This project seeks to improve the usability and reliability of Google Maps through its transportation routes and search results. My goal is to assure users that they can receive reliable transportation routes and relevant recommendations for places, ahead of time and live-time. 
This is a usability report of Google Maps Web that includes problems found from the heuristic evaluations and recommendations based on these results. 
Google Maps is a website and mobile app that provides a a live map platform containing street views, images and reviews of businesses, route planning features, and transportation statuses. Its convenience and live-time efficiency have made it the default digital map to use in most places in the world. 
Considering that the mobile app version of Google Maps is more frequently used than its web version, it is important to analyze whether Google Maps Web offers a similar quality of experience and ease of use. It is also helpful to determine if any improvements can be carried over to the mobile app. 
Three usability experts conducted a Heuristic Evaluation on Google Maps’s web interface and determined issues regarding its most important features: transportation routes, and recommendations for places. 
With these results, I suggested a few simple and effortless recommendations that would greatly improve the web platform.
This is a Heuristic Evaluation, which involves three usability experts using Jakob Nielsen’s Ten Usability Heuristics for User Evaluation Design to evaluate an interface’s compliance with the usability heuristics principles. This is an efficient way to identify usability problems without having to sample a larger number of users for testing.
The three usability experts, myself included, are students taking the course INFO 644 - Usability Theory and Practice at Pratt Institute.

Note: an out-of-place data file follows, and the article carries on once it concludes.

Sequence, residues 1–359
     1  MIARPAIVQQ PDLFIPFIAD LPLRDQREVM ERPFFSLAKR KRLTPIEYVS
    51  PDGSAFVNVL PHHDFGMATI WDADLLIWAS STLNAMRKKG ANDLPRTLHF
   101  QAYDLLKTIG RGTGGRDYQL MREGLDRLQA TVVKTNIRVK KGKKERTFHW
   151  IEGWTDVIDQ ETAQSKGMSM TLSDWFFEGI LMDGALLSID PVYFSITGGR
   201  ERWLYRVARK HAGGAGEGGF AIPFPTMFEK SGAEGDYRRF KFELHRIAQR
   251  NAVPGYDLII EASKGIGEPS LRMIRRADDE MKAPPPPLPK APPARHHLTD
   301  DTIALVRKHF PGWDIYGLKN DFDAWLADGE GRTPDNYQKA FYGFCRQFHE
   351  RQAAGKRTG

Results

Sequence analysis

I, as lead evaluator, select an interface to assess and assign a set of tasks for myself and two secondary evaluators to complete on this interface. We three evaluators perform our given tasks to assess the web version of Google Maps and identified usability issues that violate these ten heuristics. For every issue identified, the corresponding heuristic violated was assigned, and a severity rating from 1 to 4 was given (Figure 2). 
Once all secondary evaluators complete their tasks and heuristic evaluations, I combine all issues found and assign their final severity ratings. I now has a condensed set of the major problems and severity ratings across all evaluations, to which I will use to create mock-ups of recommendations that solve these usability problems of the interface.

Heuristic evaluation
The current Google Maps web interface is effective as it provides not only live-time information about the user’s location, transit conditions, and how busy a place is, but it also affords searching for recommendations on keywords that the user can input into the search bar. That said, while Google Maps affords many functions, these functions suffer from a few usability issues that compromise their ease of use, learnability, and discoverability.
Based on Nielsen’s Ten Usability Principles, the three usability experts have identified a total of ten usability problems. These were then condensed into four major problems that had severity ratings of 2 (minor usability problem) and 3 (major usability problem). Most usability issues violated heuristics six and seven. 
1. Hard to locate the “Options” button when choosing the best transportation methods to the user’s destination. Transit icons (bus and subway) look similar to each other.
2. Users cannot search for recommendations in specific neighborhoods, but only in the map area visible on their screen.
3. Search results, especially their preview windows, do not contain helpful keywords indicating they’re the correct places the user is looking for.